I once heard Donny Shankle say “there are two ways to beat your opponent. Lift more than them, or make more lifts than them.”
This Friday was a long day. I had max deadlifted just 2 days prior and hours of coaching on my feet had made my lower back really tight and sore. I was excited to make it to practice hoping some SMR would loosen things up. It didn’t every pull was painful. Being with a team helps to block out that pain and push you do things you normally wouldn’t. I took about 4 attempts to get to 110 Snatch. Not my usual progression. After missing 110 and really not feeling it, I decided 110 was a good place to start my Clean and Jerks. OOPS. I missed 110 Clean on my first try. Just a silly mental thing. I came back and hit it. I happened to be sharing a platform with Rob Blackwell who was on his way to 160 so a natural progression for him was 130 next. Again, not a jump I would usually take. 130 is typically close to a competition opener for me. Not wise to take 3 lifts to get to your opener, but my back hurt, and it was on the bar. I pretty much smoked it! Made me feel good. I have hit 130 now the last 5 or so times I have attempted it, making me feel very comfortable with it being an opener. 4 days prior I had PRd with a 137 CNJ. My previous comp best was 133 so I had been on a roll. Rob’s next lift was at 140 so it went for me as well. I wanted to lift as much as I could with the fewest attempts as possible. My back was KILLING me. 140 went up and felt easy. A huge relief. After watching the video I saw how incredibly ugly my technique was, as was my 137 a few days prior. But I made the lift nonetheless. It actually encouraged me to know that even with making some mistakes 140 is a makeable lift. Finally getting stronger. My speed and efficiency has always been what saves me, never my strength.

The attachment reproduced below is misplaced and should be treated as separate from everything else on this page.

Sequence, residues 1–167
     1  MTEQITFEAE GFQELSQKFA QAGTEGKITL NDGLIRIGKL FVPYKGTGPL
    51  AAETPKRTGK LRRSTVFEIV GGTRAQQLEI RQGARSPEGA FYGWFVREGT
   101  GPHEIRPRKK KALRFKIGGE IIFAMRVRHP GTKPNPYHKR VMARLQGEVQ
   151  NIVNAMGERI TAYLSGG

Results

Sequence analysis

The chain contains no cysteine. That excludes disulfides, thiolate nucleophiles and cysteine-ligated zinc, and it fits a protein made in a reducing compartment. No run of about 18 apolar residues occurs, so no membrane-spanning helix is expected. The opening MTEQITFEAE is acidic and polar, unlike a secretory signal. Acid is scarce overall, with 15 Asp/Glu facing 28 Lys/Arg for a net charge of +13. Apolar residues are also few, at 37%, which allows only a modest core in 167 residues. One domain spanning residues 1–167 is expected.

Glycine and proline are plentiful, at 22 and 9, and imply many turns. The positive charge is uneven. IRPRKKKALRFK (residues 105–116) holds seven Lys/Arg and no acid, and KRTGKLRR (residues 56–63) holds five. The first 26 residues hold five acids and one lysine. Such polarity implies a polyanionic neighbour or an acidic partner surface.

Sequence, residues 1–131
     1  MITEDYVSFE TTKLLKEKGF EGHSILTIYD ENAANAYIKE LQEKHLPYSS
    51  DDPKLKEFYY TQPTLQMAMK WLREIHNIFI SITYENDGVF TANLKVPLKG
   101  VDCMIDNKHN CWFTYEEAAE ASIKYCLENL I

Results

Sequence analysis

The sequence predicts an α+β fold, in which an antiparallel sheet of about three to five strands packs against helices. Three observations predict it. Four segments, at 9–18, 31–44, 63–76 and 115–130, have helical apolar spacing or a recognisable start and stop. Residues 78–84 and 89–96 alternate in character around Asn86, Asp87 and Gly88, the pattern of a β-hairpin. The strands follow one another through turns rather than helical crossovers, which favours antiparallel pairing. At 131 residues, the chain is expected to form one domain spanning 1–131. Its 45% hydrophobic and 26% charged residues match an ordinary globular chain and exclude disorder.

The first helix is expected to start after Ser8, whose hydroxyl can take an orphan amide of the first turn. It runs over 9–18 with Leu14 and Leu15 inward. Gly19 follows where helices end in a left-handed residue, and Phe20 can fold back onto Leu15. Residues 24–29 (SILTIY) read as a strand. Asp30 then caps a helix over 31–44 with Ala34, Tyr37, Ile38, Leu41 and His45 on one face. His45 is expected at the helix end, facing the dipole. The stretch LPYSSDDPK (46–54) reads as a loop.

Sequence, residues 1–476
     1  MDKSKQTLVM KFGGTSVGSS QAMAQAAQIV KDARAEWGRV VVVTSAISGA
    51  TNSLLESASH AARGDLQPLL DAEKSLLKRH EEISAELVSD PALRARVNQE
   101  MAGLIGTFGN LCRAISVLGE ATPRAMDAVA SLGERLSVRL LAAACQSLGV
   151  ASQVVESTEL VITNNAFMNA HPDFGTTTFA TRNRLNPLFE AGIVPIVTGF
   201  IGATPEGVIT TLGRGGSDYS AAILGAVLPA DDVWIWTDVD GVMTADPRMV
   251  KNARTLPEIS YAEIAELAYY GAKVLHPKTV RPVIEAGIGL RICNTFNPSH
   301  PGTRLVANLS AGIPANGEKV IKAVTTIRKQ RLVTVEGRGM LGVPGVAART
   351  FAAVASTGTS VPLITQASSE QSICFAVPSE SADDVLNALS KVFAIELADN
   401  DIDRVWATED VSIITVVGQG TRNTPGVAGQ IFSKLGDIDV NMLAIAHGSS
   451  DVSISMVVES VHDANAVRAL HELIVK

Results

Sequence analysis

Here’s the point. I coach a lot of lifters that get so caught up in their heads about the technique of the lifts. Engraining proper positions is important, but the most important feeling to engrain is a MADE LIFT. We need to get used to the feeling of being under bars. We need to get good at creating a positive reward system in our brain. If we are always telling ourselves no, then we will never develop that system.
Have fun, work on getting better. Refine your technique and MAKE LIFTS! There’s no better feeling.